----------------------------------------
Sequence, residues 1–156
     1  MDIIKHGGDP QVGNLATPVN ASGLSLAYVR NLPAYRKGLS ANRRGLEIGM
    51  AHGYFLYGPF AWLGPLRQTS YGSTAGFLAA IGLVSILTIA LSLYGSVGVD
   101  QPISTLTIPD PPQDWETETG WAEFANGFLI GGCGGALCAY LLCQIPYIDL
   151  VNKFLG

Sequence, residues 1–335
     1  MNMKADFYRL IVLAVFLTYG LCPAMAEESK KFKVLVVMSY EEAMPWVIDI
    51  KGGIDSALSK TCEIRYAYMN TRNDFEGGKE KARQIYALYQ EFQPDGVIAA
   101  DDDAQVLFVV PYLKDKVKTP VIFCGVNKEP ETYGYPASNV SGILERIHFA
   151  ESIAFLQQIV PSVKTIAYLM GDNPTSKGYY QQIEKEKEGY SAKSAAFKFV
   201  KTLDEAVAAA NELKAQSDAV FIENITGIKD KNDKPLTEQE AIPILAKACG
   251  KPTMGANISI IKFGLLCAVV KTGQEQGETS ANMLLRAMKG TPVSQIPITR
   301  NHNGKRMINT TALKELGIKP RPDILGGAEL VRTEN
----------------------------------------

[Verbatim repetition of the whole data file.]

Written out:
Sequence, residues 1–156
     1  MDIIKHGGDP QVGNLATPVN ASGLSLAYVR NLPAYRKGLS ANRRGLEIGM
    51  AHGYFLYGPF AWLGPLRQTS YGSTAGFLAA IGLVSILTIA LSLYGSVGVD
   101  QPISTLTIPD PPQDWETETG WAEFANGFLI GGCGGALCAY LLCQIPYIDL
   151  VNKFLG

Sequence, residues 1–335
     1  MNMKADFYRL IVLAVFLTYG LCPAMAEESK KFKVLVVMSY EEAMPWVIDI
    51  KGGIDSALSK TCEIRYAYMN TRNDFEGGKE KARQIYALYQ EFQPDGVIAA
   101  DDDAQVLFVV PYLKDKVKTP VIFCGVNKEP ETYGYPASNV SGILERIHFA
   151  ESIAFLQQIV PSVKTIAYLM GDNPTSKGYY QQIEKEKEGY SAKSAAFKFV
   201  KTLDEAVAAA NELKAQSDAV FIENITGIKD KNDKPLTEQE AIPILAKACG
   251  KPTMGANISI IKFGLLCAVV KTGQEQGETS ANMLLRAMKG TPVSQIPITR
   301  NHNGKRMINT TALKELGIKP RPDILGGAEL VRTEN